the years it became a little bit mysterious (like tapes). 


 Common Operating Systems

  Operating system |  Company                      | Hardware               | 
  VMS              | Digital Equipment Corp. (DEC) | VAX, Alpha (AXP)       |
 UNIX variants:    |                               |                        |
  SunOS/Solaris    | Sun Microsystems              | SPARC, Intel, Motorola |
  HPUX             | Hewlett-Packard               | PA                     |
  AIX              | IBM                           | Power                  |
  IRIX             | Silicon Graphics Inc. (SGI)   | MIPS                   |
  DEC UNIX (OSF/1) | Digital Equipment Corp. (DEC) | VAX, Alpha             |
  ULTRIX           | Digital Equipment Corp. (DEC) | VAX, MIPS              |
  UNICOS           | Cray Research Inc. (CRI)      | CRAY                   |
  Linux            | Free, supported by GNU        | Intel                  |
 System 6,7, ...   | Apple                         | Motorola, Power        |
 OS/2 (WARP)       | IBM                           | Intel                  |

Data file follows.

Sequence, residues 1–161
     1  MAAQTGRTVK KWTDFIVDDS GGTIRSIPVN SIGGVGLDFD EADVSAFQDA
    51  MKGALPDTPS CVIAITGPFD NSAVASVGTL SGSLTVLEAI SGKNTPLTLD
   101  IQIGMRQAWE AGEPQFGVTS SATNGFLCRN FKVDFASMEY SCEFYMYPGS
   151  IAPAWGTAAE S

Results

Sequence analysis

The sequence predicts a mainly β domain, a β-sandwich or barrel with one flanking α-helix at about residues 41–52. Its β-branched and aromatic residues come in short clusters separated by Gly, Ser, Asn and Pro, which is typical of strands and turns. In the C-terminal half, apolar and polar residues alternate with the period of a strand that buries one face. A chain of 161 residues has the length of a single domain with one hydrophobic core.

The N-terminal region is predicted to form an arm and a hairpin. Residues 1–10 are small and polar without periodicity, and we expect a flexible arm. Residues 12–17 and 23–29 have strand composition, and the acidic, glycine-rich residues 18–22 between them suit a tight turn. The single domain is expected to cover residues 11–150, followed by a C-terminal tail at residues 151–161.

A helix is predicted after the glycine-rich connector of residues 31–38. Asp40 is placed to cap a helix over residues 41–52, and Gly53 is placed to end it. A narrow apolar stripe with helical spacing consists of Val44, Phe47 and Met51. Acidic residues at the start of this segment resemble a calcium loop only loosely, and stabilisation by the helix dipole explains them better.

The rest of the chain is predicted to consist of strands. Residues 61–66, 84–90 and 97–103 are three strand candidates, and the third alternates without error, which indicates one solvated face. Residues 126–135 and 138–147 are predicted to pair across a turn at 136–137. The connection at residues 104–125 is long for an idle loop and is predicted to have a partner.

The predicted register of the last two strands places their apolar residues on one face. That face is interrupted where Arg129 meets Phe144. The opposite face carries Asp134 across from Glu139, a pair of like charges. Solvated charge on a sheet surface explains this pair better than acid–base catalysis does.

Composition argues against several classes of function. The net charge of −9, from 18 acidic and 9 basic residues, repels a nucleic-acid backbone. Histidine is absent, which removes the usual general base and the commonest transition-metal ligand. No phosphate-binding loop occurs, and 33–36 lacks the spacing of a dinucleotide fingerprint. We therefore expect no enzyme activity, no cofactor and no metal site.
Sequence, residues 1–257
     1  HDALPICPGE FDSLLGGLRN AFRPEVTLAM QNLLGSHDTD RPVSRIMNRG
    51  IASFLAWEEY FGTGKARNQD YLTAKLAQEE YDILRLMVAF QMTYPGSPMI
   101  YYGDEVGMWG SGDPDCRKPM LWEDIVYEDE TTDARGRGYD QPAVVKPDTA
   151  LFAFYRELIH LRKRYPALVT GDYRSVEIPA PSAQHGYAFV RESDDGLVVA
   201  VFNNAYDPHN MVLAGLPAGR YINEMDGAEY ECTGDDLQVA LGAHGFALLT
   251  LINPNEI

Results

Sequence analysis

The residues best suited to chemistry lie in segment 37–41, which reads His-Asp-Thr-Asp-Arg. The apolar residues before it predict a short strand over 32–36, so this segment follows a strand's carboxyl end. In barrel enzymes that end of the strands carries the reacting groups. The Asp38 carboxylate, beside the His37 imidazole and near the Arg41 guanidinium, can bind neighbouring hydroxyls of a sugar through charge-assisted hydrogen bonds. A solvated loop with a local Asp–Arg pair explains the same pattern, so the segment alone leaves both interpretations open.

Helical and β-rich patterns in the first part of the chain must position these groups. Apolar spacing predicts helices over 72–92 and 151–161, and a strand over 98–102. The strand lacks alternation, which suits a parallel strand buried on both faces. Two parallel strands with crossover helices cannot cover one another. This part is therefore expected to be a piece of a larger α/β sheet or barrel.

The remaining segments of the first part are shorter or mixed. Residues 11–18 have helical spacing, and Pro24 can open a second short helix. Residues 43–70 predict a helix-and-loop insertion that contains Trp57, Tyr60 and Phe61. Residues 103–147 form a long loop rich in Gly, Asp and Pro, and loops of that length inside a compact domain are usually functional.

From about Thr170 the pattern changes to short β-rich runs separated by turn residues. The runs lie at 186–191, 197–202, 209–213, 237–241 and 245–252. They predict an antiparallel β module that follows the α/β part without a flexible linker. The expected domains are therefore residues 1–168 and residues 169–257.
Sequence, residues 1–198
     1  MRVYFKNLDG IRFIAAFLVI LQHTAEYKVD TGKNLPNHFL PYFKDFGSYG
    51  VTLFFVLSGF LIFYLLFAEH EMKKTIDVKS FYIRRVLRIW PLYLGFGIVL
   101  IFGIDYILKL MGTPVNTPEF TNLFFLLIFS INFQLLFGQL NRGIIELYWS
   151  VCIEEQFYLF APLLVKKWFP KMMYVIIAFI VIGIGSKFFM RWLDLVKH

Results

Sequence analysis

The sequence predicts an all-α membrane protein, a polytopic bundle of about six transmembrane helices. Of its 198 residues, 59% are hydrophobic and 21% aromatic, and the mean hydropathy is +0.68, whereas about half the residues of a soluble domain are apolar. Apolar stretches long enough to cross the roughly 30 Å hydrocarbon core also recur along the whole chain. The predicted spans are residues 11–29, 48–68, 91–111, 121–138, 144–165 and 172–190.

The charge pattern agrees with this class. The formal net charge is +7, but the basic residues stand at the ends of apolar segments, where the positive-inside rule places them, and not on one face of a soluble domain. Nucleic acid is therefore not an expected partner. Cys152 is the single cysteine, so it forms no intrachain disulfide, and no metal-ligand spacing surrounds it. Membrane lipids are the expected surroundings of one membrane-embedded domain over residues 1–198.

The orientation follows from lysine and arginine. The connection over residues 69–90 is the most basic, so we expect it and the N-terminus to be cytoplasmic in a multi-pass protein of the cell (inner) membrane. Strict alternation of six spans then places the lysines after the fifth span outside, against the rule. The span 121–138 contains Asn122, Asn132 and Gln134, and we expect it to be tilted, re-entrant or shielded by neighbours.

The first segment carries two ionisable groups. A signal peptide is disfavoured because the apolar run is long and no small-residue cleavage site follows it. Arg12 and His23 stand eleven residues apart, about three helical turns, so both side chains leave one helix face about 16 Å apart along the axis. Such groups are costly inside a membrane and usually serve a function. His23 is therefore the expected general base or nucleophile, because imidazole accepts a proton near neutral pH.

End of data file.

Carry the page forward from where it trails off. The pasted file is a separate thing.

OS/400            | IBM                           | 360/370/390, Power     |
 VM/CMS            | IBM                           | 360/370/390            |
 MVS               | IBM                           | 360/370/390            |
 MVS/XA            | IBM                           | 360/370/390            |
 MVS/ESA           | IBM                           | 360/370/390            |

 Other system software: 
 DOS               | Microsoft (MS)                | Intel                  |
 DOS + MS Windows  | Microsoft (MS)                | Intel                  |
 MS Windows 95     | Microsoft (MS)                | Intel                  |
 Windows NT        | Microsoft (MS)                | Intel, Alpha, MIPS     |

 What is the best operating system?
 The right answer is: an operating system that can run on your computer
 and you are familiar with. No OS is useful if you can't use it, and
 the better you know it, the more it will be useful.

 Put another way, you should learn how to use your operating system, 
 read the online help, user manuals etc.

 The programming interface to the OS
 Vendor-specific functions shouldn't be used if it is at all possible 
 to circumvent them. Unfortunately, this is a long-standing problem 
 which is particularly acute for graphics functions.

 Some possibilities (admittedly not perfect):  

    1) The suite of commonly used non-standard functions which 
       are being adopted as "libU77" in g77. 

    2) Functions which may be implemented indirectly using the
       standard C libraries. 

    3) POSIX functions which may be accessed directly or via 
       the (non-standard) "system()" system call. 

 Using system routines is a gross violation of the Fortran standard, 
 and against the spirit of standards, they should be used only by
 system programmers